Saudi Aramco started trading with a bang on the Saudi stock market on Wednesday, surging by the maximum allowed 10 percent and giving the Saudi oil giant a valuation of US$1.88 trillion on its first day as a publicly-listed company.
Saudi Aramco’s shares jumped to US$9.39 (35.20 Saudi riyals) on their market debut on Wednesday, 10 percent higher than the final offer price of US$8.53 (32 riyals) in the initial public offering (IPO), which valued the company at US$1.7 trillion.
The 10-percent fluctuation is the maximum permitted up or down range which Aramco’s shares can trade in a day.
Saudi Arabia’s state oil giant had priced its IPO at the top end of the range—32 Saudi riyals ($8.53), which made the share listing the largest in history, surpassing the US$25-billion IPO of Alibaba on the New York Stock Exchange in 2014.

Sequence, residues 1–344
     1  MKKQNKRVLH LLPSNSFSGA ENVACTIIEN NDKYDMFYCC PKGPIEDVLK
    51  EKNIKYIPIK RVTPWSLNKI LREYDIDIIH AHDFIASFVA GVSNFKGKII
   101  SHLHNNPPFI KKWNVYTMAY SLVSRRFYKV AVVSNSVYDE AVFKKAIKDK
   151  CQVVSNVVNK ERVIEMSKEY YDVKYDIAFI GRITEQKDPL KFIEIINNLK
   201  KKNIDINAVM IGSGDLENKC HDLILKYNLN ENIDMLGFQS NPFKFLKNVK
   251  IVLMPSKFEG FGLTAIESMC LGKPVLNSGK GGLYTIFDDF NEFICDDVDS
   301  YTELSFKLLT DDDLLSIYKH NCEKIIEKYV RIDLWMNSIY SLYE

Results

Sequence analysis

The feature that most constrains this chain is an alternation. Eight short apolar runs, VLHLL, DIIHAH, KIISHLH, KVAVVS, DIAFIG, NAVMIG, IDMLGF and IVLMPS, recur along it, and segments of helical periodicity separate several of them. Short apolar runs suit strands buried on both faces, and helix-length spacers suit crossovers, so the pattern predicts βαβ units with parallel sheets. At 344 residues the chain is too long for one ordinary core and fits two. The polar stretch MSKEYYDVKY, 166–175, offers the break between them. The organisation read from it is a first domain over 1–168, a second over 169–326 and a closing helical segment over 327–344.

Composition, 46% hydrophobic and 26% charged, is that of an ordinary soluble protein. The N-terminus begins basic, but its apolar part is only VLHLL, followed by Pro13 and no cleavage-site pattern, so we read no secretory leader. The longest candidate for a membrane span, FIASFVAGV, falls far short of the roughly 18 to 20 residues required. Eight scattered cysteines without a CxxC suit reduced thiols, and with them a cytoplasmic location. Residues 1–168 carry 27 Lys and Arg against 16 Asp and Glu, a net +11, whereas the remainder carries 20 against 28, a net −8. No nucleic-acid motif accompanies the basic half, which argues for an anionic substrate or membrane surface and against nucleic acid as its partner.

Following the record-breaking initial public offering, Aramco began today its life as a public company, while some analysts are still wondering how the Kingdom’s oil giant will allay foreign investors’ concerns about transparency and governance.
Although the US$1.7 trillion valuation makes Aramco the most valuable listed company in the world, more than Apple and Google combined, the valuation was still US$300 billion short of the coveted US$2-trillion that Saudi Crown Prince Mohammed bin Salman has sought for years.
Saudi Arabia has had to rely on domestic interest in its oil giant, and possibly on large institutional investors from its Persian Gulf friends, as foreign fund managers have not been too keen to invest in the world’s most profitable oil company.
When its shares started trading on the Saudi stock exchange today, Aramco became the world’s largest listed firm by market capitalization, easily beating Apple whose market cap was some US$1.19 trillion early on Wednesday.
On its first day of trading, Aramco’s value reached US$1.88 trillion, closer to the US$2-trillion valuation the Saudis had sought.
By Tsvetana Paraskova for Oilprice.com
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